Silvia Guimaraes (CIBIO-InBIO) | June 29, 2018 - 16h00 | Sala A – CIBIO-InBIO, Campus de Vairão




Silvia has been working for several years in the field of ancient DNA research and she will give an overview of two of the most recent projects in which she has been involved. She will first present a cost-effective high-throughput metabarcoding approach, aMPlex Torrent that her group developed. It relies on an improved multiplex PCR adapted to highly degraded DNA, combining barcoding and next-generation sequencing (Ion Torrent) to simultaneously analyze many heterogeneous samples. This approach enabled to generate a phylochronology through the genotyping of ancient rodent remains from a Moroccan cave whose stratigraphy covers the last 120.000 years.


She will also present a study on the origin and population dynamics of bison in Europe. The European bison or wisent (Bison bonasus), one of the last wild European large mammals, narrowly escaped extinction at the onset of the 20th century owing to hunting and habitat fragmentation. Little is known, however, about its origin, evolutionary history and population dynamics during the Pleistocene. Through the analysis of DNA preserved in ancient bison remains from Eurasia covering the last 50.000 years we were able to infer some of the population migrations, extinctions and replacements as well as to trace back its origin.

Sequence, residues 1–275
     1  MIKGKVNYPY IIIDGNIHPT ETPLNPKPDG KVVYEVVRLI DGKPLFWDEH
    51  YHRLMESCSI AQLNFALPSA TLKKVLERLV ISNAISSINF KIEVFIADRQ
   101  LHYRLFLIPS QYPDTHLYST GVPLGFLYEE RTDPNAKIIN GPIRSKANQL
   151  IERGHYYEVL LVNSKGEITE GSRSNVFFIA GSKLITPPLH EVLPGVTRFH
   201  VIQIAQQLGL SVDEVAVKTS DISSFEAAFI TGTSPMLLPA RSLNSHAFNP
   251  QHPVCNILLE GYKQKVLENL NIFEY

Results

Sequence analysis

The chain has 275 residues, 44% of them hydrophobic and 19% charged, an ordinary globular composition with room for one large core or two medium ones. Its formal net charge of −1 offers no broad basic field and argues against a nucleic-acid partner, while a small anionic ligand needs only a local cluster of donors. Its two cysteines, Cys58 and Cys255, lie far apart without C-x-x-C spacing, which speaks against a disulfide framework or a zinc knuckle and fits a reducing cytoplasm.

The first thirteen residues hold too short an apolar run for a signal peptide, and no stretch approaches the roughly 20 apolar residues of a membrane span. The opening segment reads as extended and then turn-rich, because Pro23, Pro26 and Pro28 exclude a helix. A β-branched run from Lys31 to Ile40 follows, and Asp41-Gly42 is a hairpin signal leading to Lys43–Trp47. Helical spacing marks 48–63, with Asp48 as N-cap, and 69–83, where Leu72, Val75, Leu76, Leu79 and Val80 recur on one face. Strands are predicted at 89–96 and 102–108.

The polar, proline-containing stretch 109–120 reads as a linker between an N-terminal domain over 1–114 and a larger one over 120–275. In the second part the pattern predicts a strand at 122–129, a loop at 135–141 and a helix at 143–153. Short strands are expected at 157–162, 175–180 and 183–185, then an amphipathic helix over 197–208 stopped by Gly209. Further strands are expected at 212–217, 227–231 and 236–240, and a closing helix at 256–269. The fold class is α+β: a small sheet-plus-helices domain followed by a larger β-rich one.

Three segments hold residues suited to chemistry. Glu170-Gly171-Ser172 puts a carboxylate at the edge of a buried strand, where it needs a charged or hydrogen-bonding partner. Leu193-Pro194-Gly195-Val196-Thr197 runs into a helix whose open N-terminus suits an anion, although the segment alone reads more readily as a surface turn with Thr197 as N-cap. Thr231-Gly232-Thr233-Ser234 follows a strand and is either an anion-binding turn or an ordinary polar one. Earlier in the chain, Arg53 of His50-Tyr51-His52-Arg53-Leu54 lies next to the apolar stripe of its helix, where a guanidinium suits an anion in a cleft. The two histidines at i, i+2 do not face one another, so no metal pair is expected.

Silvia Guimaraes joined CIBIO-InBIO in May as a post-doc in the Archaeogenetics group. She will collaborate in the ARCHAIC project that aims to investigate the origins and modes of improvement of cattle in the Iberian peninsula. She studied Microbiology at the High School of Biotechnology - Catholic University of Porto and she obtained her PhD degree in Palaeogenetics at the University of Florence (Italy) in 2007. In 2010 she integrated the Paleogenome and Epigenome group at the Institute Jacques Monod in Paris lead by Eva-Maria Geigl and Thierry Grange as a research assistant, where she participated in several research projects addressing questions about the evolutionary history of wild and domestic animal species including phylogeographical studies, population dynamics and domestication events.



[Host: Catarina Ginja, Archaeogenetics]


Image credits: Massilani D., Guimaraes S., et al., 2016